ARC Music
1798, 2003
label website

Part of the all-singing, all-dancing Salamat Ali Khan family which includes legendary vocalist Nazakat Ali Khan and older brother Salamat, Shafqat is the youngest active member and thus the one most eager and compelled to embrace modernity and experimentation with hybrid styles. His winning debut album Shafqat Ali Khan on the Hearts of Space subsidiary WorldClass telegraphed great and exciting things, and this year's Sublime Sufi on the UK label ARC was a dead ringer for following up on Shafqat's artistic evolution.

A collaboration with producer Douglas McKeehan who participates on keyboards and programming, Sublime Sufi also features the soprano saxophone of George Brooks, tabla, dumbek, conga and various electronic percussion instruments, electric guitar on one track, mandolin on two others. The result is a mixed bag. Shafqat's stunningly inventive melodic work gets - er, mixed up with rather unimaginative electronic spaces that distract and diminish rather than expand and deepen as they did on his first US album. Traditionalists will cringe upon hearing Shafqat use a voice coder or vocalizing in parallel to wailing e-guitar but would still have to admit that this young Pakistani singer's gift for haunting melodies and suitable harmonic subtext is magical and cannot be defeated even by bad company.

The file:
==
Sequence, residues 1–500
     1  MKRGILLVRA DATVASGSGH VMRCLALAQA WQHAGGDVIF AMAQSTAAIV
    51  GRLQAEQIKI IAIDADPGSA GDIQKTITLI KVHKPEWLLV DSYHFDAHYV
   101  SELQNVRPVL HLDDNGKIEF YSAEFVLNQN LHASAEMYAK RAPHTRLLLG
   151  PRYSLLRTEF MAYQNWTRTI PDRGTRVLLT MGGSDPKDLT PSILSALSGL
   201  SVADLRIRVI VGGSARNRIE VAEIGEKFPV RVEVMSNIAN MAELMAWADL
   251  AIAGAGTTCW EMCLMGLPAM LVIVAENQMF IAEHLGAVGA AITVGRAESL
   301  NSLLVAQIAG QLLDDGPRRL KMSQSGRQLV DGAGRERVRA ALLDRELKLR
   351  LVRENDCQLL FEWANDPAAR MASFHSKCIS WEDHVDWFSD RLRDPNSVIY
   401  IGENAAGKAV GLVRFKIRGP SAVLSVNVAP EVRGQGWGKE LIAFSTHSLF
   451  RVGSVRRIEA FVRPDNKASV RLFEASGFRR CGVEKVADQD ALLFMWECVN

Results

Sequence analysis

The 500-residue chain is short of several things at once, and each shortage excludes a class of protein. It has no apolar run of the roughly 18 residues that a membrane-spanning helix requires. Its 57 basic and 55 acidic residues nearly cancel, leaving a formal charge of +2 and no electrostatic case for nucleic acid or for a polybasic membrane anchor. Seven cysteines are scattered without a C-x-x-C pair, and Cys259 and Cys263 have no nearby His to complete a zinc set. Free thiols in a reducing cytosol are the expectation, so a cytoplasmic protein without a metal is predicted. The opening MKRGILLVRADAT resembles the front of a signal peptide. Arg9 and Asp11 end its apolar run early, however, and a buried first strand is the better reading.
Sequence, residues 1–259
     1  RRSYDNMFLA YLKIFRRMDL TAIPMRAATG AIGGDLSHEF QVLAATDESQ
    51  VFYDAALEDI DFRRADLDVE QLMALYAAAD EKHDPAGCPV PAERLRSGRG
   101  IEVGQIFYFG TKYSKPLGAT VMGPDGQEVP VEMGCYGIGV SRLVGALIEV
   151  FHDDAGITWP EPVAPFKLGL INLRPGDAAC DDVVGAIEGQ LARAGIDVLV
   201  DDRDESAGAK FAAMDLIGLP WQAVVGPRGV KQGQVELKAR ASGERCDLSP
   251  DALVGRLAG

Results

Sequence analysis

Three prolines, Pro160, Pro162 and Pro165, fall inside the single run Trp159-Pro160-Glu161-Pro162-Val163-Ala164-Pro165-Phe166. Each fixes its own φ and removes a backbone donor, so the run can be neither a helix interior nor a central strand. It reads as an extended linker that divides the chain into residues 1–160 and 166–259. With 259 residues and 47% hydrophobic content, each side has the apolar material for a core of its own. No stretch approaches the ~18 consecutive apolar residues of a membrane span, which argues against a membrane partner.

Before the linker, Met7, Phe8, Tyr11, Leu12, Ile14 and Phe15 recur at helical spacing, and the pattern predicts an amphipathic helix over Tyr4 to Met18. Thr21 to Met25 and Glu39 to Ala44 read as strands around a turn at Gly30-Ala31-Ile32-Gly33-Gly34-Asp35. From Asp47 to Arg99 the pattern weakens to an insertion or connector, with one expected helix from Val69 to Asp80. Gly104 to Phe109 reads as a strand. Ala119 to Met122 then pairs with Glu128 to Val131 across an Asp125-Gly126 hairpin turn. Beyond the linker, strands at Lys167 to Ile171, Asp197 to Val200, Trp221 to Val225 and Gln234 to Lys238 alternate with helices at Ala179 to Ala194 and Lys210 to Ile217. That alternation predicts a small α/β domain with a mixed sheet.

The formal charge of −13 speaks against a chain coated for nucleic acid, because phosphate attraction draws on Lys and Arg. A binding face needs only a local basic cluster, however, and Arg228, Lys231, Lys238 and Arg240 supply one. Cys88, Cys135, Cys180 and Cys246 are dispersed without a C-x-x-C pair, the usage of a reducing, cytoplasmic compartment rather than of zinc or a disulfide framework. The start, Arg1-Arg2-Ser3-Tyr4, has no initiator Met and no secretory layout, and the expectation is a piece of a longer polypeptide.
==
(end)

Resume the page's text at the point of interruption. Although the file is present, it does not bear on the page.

Said company does, however, require one to listen beyond and around the arrangements to lick the sugar cube - and, truth be told, not all settings are equally objectionable. "Sakhi" works well enough and "Journey to Marwa", the only number based on a rag, is truly haunting and shackles-rasing. In fact, this 10-minute track is such a highlight that the appropriate listener will find it alone more than worth the weaker remainder and consider it the pure pearl inside the mud. Add the achingly romantic "Putah Butah" closer that communicates the fire of magnetic attraction regardless of language, and you could consider yourself well compensated.

Clearly, Shafqat Ali Khan's artistic maturation continues unimpeded. Still, he'd be well advised to surround himself next time with collaborators of his own caliber, rather than betting on lesser opportunities to get published. To be clear, Sublime Sufi is far less of a disappointment that Najma's ill-considered Indian Gothic misadventure and will get plenty of spin around here just because Shafqat's singing wins out no matter what. But he does deserve better, which, incidentally, holds true for production values as well. Why not return to Sausalito's WorldClass instead? I the end, that's what this vocalist from Lahore really deserves.